Researchers examined the relationship between practices who employ advanced practice providers and their EHR adoption habits.
Three-forths of practices that employ advanced practice providers (APPs) — such as nurse practitioners (NPs) and physician assistants (PAs) — have adopted EHR technology, according to a recent study published in the American Journal of Managed Care.
The study sought to examine the relationship between practices who employ APPs and EHR adoption habits, taking note of the role both elements play in supporting the triple aim of better health care, better costs, and healthier people.
The researchers hypothesized that practices that employ NPs, PAs, and the like are also more likely to adopt EHR technology because APPs promote a high level of team-based care and care coordination, two elements which are enhanced by EHR technology.
"In team-based approaches, APPs can provide care for the more routine cases, freeing up physicians to care for patients with more complex health problems,” the researchers explained. “Knowing that practices that employ APPs are prepared to implement team-based approaches to care, which could be further enhanced through the use of health IT, it is important to more fully examine the association between health IT adoption and the presence of APPs in a practice.”
Using results of a large-scale national survey from 2013, the researchers concluded that those practices that employ APPs are indeed more likely to adopt EHR technology than those that do not. Nearly 74 percent of practices that employ NPs adopt EHRs, while 76 percent of practices with PAs adopt EHRs. In contrast, only 58 percent of practices that do not employ APPs adopt EHRs.
The researchers also explained that those practices that employ APPs see greater clinical efficiency. Because physicians see more tasks associated with EHR integrating EHRs into care, it is possible that practices employ more APPs to do the simpler patient care so that physicians can concentrate on more complex cases:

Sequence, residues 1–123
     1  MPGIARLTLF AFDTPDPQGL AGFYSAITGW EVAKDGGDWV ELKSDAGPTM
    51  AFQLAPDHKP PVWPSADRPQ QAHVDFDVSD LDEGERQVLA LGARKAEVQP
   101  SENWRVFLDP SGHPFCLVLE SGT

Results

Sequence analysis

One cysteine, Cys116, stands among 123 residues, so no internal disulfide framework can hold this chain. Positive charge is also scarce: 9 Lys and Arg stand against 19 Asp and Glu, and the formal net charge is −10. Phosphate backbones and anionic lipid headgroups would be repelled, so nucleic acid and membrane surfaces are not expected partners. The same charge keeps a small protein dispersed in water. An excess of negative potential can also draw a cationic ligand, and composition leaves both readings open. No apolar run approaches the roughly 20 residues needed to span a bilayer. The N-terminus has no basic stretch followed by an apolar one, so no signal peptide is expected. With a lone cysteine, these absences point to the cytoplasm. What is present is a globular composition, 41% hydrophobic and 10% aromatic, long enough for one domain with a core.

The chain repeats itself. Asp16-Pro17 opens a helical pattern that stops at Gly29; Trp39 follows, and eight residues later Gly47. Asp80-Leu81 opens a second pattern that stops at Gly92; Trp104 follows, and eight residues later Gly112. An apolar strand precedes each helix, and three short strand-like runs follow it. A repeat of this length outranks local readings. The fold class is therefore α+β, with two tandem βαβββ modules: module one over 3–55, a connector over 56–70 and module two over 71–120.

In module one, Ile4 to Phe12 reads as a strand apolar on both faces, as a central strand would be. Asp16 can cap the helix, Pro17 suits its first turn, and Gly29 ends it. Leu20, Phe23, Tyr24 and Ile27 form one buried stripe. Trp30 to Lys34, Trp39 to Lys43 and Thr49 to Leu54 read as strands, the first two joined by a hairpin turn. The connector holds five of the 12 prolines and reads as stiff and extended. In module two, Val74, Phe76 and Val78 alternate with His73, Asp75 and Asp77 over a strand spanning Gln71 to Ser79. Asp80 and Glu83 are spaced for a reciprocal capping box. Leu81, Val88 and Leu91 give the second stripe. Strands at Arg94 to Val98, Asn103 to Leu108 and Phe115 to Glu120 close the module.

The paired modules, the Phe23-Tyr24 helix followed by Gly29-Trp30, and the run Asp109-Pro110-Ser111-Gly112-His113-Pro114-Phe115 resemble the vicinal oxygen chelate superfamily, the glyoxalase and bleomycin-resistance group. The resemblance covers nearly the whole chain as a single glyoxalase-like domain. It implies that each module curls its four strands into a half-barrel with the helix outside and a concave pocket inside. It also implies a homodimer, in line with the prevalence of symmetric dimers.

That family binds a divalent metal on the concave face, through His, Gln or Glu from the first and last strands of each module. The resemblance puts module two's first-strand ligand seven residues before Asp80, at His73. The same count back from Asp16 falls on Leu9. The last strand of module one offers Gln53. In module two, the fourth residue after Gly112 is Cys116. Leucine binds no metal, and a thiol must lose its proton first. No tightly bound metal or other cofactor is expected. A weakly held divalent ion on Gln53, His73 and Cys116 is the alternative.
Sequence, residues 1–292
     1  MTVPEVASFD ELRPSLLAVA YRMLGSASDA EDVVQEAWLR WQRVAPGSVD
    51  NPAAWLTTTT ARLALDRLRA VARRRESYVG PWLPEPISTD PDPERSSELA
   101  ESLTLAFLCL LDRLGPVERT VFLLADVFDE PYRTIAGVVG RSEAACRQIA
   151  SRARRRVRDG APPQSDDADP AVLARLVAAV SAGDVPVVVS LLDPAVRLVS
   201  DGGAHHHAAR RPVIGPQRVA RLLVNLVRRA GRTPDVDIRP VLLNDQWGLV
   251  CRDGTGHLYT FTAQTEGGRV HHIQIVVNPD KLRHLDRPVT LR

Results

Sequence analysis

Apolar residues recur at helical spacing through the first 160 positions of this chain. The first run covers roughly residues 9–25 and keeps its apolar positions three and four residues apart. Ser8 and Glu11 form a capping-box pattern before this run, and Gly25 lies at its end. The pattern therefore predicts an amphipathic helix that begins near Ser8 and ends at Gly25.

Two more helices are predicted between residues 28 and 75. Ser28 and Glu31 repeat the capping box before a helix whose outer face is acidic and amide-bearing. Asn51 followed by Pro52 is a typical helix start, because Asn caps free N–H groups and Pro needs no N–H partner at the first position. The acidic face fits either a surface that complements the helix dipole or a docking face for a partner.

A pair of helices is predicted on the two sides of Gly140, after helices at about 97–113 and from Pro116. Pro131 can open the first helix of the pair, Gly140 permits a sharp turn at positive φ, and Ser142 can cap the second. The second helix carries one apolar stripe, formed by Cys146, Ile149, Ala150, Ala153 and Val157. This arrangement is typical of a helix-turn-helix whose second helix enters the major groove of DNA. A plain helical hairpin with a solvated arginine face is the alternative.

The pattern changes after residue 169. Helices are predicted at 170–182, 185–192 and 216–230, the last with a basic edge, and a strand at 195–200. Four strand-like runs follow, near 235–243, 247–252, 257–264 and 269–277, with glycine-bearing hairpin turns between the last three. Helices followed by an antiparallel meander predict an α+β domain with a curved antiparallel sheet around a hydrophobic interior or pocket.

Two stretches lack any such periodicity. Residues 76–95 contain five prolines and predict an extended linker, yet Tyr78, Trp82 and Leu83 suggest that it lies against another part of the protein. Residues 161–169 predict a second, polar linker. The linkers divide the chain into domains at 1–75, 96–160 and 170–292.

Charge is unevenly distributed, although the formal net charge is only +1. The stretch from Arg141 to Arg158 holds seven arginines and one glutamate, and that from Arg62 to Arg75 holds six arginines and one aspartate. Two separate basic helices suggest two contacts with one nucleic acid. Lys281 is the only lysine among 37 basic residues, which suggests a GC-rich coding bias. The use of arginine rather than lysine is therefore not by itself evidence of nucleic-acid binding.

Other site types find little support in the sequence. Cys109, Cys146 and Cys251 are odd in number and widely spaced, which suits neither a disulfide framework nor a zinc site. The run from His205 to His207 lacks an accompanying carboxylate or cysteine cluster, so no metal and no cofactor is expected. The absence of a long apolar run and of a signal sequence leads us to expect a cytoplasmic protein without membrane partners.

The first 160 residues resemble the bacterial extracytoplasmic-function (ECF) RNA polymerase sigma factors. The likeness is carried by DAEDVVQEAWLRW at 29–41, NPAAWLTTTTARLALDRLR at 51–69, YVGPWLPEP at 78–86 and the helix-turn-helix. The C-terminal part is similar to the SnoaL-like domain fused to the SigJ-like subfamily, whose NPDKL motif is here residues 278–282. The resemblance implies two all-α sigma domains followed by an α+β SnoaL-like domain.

The study also examined the various EHR capabilities that different practices adopt. Of the hospitals that adopted an EHR in 2013, 80 percent of them had an EHR that managed patient notes, 77 percent had one that managed electronic prescriptions, and and 76 percent had one that allowed the user to view patient lab results and x-rays.
These varying capabilities showed that practices that adopted EHRs were increasing their integrated and team-based care initiatives.
Additionally, the researchers broke down which kinds of hospitals employ APPs. Overall, primary care practices were twice as likely to employ APPs as multi-specialty practices. Additionally, rural hospitals were more likely to employ APPs than urban practices. Large practices were also more likely to employ APPs than smaller ones.
Although the researchers reported they were fairly confident in their findings that practices that employ APPs are more likely to adopt EHRs, they were not certain of the causality. However, they did present one potential explanation, stating that practices may have underlying qualities that make them more apt to adopt both EHRs and employ APPs.
“Prior work has shown that practices that adopted EHRs were more likely to have innovative physicians on staff. The associations identified here may be a result of having innovative physicians on staff, and those physicians promoting team-based care, as well as EHR adoption,” the researchers concluded. “These results do demonstrate that practices with APPs on staff have higher rates of health IT adoption and use, and thus, are primed to take the next steps to delivery system reform.”